The Zoom LiveTrak L-8 is best DAWless mixer with multi-track recording capabilities. I don’t actually own this (yet) but I’ve been eyeing it a lot lately as I am really wanting to add the ability to record my tracks individually so I can mix/master later.
Here are the pros and cons:
- Ability to multi-track record (SD and to computer)
- Can double as your computer’s audio interface
- 8 inputs
- Can be battery powered
- Multiple outputs
- More expensive
- Has some unnecessary and extra podcaster-specific features
- No EQ controls for the inputs
Once you’ve got some jams under your belt, you might want to look into recording them and getting them up on streaming services like Spotify and Apple Music.
Thankfully, it is actually 100000X times easier to do this than it was 10 years ago.
Sure, when you look at how much Spotify pays per stream, it is not too much but it can definitely add up. Plus, it’s pretty cool to have your music available where everyone can hear it and it takes your musical project to the next level.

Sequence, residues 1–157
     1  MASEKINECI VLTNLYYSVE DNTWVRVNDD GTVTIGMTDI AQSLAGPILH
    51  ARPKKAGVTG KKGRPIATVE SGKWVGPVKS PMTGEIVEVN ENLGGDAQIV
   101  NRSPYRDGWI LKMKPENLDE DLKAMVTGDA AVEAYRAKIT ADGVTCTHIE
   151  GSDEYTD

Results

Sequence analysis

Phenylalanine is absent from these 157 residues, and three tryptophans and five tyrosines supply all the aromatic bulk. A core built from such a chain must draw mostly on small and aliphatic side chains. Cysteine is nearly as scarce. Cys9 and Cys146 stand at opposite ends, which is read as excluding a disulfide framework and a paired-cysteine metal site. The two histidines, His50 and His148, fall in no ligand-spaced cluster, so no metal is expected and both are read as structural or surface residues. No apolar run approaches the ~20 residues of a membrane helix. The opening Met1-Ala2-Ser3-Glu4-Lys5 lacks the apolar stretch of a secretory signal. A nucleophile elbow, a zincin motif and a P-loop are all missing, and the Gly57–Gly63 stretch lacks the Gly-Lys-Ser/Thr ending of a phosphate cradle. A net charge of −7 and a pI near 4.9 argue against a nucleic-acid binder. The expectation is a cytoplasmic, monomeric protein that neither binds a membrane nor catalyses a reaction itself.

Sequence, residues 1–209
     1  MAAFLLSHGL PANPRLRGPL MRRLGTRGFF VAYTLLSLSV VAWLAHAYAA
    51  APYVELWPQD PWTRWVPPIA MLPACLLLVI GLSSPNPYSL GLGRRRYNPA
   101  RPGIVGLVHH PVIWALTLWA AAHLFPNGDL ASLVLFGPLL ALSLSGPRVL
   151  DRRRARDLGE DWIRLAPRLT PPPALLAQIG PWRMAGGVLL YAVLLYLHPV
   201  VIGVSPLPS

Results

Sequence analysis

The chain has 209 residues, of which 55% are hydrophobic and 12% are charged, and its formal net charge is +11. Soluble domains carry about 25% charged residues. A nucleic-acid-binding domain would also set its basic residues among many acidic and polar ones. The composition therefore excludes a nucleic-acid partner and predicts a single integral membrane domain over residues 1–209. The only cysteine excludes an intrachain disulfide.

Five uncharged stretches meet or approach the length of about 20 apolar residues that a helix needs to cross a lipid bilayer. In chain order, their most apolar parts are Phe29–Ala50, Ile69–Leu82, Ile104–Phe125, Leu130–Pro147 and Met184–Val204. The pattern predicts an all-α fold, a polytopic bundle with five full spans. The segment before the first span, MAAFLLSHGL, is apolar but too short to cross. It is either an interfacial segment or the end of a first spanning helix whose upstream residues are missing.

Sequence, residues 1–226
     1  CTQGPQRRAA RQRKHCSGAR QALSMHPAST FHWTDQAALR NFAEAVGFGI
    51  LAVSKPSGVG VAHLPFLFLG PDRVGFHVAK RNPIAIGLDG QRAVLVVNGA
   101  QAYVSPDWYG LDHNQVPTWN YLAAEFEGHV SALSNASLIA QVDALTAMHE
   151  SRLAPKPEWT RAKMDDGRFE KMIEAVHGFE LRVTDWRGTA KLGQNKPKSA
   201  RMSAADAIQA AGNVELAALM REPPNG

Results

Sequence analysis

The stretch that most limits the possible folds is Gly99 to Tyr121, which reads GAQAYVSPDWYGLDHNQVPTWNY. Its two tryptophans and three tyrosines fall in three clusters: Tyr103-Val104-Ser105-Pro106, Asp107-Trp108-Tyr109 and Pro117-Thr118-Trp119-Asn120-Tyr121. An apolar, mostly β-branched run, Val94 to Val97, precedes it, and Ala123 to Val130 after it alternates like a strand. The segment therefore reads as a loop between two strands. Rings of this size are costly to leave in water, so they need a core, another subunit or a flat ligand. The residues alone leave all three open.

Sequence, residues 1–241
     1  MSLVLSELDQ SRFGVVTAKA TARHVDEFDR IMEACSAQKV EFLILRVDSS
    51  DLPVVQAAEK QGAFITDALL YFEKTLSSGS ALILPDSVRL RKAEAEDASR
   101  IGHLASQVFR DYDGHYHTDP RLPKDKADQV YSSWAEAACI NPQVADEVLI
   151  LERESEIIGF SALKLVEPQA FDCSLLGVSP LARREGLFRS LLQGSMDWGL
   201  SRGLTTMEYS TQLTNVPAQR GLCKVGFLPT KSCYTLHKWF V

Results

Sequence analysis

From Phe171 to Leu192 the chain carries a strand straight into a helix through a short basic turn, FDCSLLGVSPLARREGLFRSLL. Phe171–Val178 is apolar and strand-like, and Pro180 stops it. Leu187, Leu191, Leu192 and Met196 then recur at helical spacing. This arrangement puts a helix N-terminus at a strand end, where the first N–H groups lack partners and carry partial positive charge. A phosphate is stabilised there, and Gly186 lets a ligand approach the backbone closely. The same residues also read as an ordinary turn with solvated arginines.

After recording and polishing up your DAWless jams, you will need what is called a “music distributor” to get your music uploaded to all the popular streaming services and stores.
My top suggestion for a music distributor is definitely DistroKid because you get unlimited song uploads for a small annual fee (it’s also what I personally use).
With that said, I’ve compared DK to other popular services if you would like to search around first to find the right digital distributor:
- DistroKid vs TuneCore
- DistroKid vs CdBaby
- DistroKid vs UnitedMasters
- DistroKid vs Ditto
- DistroKid vs Amuse
- DistroKid vs SoundCloud
Or, if you would like a more detailed look into what DistroKid has to offer, you can check out my big fat DistroKid review. 🙂
P.S. If you also want to learn about music publishing and make sure that you are not leaving any money on the table with your music distribution setup, I’d recommend checking out these 2 articles:
What do I need to go DAWless?
Great question! The main 3 things you need to go DAWless is a synthesizer, sequencer/sampler, and drum machine. To read more about how you can get started with DAWless jamming, click right here.
How can I sync my DAWless setup together?
Another great question! There are two main ways to sync your DAWless setup together, with MIDI (Musical Instrument Digital Interface) or with CV (stands for Control Voltage). To read more about how you can get started with DAWless jamming, click right here.
What does DAWless mean?
Another great question! DAWless means to make music without a computer’s Digital Audio Workstation (DAW). Essentially making DAWless music means to make music without a computer.